The following is from the front page of the Grand Forks, ND--North Valley Crematory, “Cremation Authorization and Disposition Form.”  It briefly explains The Cremation Process.

 

 

THE CREMATION PROCESS

 

The cremation is performed either before or after memorialization.  It is carried out by placing the deceased in a casket or alternative container and then placing the casket or alternative container one at a time into a cremation chamber, or retort, where they are subjected to intense heat and flame.  During the cremation process, it may be necessary to open the cremation chamber and reposition the deceased in order to facilitate a complete and thorough cremation.  Cremation of the deceased and incineration of the container and its contents is accomplished by raising the temperature substantially and all substances are consumed or driven off, except bone fragments (calcium compounds) and metal (including dental gold and silver and other non-human materials) as temperature is not sufficient to consume them.

 

Due to the nature of the cremation process, any personal possessions or valuable materials such as dental gold and silver, or jewelry (as well as prostheses or dental bridgework) that are left with the decedent and not removed from the casket , alternative container or body,  prior to cremation,  may be destroyed and become non-recoverable.  If not destroyed, the crematory is authorized to dispose of such materials at its sole discretion including recycling and selling the residue material.  The Authorizing Agent understands that arrangements must be made with the funeral home to remove any such possessions or valuables prior to the time that the decedent is transported to the crematory.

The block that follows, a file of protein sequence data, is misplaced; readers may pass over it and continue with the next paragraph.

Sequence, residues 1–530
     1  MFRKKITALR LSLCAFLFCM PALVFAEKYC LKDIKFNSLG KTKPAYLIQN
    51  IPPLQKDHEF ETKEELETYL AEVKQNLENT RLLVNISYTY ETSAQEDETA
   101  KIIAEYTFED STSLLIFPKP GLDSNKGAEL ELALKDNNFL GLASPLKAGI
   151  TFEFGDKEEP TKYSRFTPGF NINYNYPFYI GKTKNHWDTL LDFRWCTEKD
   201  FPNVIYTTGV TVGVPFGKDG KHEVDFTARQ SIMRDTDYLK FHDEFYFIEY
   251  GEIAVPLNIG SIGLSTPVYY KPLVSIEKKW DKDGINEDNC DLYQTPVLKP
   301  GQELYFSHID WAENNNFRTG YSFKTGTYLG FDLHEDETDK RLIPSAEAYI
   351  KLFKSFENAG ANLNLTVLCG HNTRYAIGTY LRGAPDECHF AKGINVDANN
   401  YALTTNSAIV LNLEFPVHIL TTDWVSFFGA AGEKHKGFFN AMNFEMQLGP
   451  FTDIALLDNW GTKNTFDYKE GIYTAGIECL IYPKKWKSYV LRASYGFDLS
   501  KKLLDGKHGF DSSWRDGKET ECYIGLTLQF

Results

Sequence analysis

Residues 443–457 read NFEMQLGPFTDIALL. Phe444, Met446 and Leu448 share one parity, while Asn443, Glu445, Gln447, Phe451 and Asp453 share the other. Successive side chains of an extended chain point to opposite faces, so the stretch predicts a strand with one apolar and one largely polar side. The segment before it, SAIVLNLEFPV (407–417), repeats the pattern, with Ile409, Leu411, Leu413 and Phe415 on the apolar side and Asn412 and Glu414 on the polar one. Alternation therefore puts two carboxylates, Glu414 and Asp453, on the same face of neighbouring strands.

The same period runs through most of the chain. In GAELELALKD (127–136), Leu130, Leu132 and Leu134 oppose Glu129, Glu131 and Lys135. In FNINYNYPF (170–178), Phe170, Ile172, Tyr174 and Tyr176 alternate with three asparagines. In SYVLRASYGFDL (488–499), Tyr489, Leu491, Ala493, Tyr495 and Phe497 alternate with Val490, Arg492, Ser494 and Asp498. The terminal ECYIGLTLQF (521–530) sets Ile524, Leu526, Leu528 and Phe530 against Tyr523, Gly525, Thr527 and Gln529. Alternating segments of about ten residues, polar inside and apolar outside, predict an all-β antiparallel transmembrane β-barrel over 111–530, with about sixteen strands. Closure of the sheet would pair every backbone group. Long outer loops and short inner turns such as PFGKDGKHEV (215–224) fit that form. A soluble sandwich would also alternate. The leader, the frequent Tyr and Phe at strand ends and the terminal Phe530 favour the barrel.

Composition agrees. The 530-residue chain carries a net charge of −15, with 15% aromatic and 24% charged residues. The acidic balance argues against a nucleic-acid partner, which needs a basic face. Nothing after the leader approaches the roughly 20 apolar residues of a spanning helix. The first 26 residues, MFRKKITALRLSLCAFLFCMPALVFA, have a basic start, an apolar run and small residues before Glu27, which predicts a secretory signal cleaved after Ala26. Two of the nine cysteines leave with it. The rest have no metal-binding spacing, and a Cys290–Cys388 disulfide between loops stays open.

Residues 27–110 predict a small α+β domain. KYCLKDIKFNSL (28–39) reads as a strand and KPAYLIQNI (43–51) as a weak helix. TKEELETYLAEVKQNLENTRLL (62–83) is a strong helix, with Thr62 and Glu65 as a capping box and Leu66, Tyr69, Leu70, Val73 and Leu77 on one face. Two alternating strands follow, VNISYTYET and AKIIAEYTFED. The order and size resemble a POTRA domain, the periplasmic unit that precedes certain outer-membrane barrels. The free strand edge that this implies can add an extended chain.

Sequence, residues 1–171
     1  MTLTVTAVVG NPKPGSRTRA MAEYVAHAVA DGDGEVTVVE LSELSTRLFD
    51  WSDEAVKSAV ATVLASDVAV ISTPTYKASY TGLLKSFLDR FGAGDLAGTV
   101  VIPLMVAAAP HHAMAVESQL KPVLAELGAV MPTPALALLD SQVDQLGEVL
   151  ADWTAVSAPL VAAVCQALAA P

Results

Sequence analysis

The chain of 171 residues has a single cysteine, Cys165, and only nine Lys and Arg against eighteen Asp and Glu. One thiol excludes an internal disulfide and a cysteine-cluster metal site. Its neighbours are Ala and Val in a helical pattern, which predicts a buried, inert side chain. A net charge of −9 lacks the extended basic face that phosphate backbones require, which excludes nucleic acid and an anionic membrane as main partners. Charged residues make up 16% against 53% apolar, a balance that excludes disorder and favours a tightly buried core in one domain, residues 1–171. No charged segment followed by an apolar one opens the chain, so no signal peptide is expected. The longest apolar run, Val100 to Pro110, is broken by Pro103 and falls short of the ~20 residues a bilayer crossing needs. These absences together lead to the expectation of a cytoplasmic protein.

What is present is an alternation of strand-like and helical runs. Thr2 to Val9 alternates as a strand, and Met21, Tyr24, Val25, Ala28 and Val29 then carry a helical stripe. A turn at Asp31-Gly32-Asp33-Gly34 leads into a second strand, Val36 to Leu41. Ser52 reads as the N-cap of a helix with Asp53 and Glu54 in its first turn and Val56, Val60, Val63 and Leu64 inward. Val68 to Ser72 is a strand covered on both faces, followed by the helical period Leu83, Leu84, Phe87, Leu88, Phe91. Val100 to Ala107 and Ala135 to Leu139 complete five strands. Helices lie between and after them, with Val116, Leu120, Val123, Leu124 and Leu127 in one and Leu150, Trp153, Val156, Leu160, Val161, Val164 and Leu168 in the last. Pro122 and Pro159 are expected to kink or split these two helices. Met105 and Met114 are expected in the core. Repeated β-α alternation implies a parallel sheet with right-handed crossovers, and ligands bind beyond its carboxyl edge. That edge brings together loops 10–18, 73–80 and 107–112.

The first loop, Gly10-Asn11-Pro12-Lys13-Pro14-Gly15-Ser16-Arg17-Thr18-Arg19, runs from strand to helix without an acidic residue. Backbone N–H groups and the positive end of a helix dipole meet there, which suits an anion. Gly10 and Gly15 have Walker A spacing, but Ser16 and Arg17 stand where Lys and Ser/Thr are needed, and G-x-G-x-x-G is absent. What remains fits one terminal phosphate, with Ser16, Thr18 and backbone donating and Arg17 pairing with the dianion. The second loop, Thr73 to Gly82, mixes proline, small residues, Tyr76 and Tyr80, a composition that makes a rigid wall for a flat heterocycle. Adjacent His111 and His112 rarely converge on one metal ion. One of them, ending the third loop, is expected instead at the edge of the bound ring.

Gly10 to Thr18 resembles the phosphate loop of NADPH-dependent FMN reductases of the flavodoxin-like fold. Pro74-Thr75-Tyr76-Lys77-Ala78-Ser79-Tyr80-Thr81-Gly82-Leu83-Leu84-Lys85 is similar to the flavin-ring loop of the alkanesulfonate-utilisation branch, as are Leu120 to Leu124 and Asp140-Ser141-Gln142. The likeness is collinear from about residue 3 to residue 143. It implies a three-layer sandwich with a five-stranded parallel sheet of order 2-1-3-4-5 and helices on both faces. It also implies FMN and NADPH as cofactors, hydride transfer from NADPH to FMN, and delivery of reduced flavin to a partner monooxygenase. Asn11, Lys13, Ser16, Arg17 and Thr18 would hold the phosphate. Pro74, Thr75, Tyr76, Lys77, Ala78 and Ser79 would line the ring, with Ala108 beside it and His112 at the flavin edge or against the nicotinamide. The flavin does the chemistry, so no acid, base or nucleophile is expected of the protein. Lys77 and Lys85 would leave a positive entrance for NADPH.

Following a cooling period, the cremated remains, which will normally weigh several pounds in the case of an average size adult, are then swept or raked from the cremation chamber.  The crematory makes a reasonable effort to remove all of the cremated remains from the cremation chamber, but it is impossible to remove all of them, as some dust and other residue from the process are always left behind.  In addition, while every reasonable effort will be made to avoid commingling, inadvertent or incidental commingling of minute particles of cremated remains from the residue of previous cremations is a possibility and the authorizing agent understands and accepts this fact.

 

After the cremated remains are removed from the cremation chamber, all non-combustible materials such as dental gold and silver, or jewelry (as well as prostheses or dental bridgework) and materials from the casket or container, such as hinges, latches, nails, etc. will be separated and removed from the human bone fragments by visible or magnetic selection.  The crematory is authorized to dispose of these materials with similar materials from other cremations, including recycling and selling the residue material, so that only the human bone fragments will remain.

 

When the cremated remains are removed from the cremation chamber, the skeletal remains often contain recognizable bone fragments.  After bone fragments have been separated from the other material, they will be mechanically processed (pulverized), which includes crushing or grinding (and incidental commingling of the remains with the residue from the processing of previously cremated remains) into granulated particles of unidentifiable dimensions, virtually unrecognizable as human remain, prior to placement into the designated container.  In the event the urn or a single temporary container is insufficient to accommodate all of the cremated remains, the excess will be placed in a separate receptacle.  The separate receptacle will be kept with the primary receptacle and handled according to the disposition instruction on this form.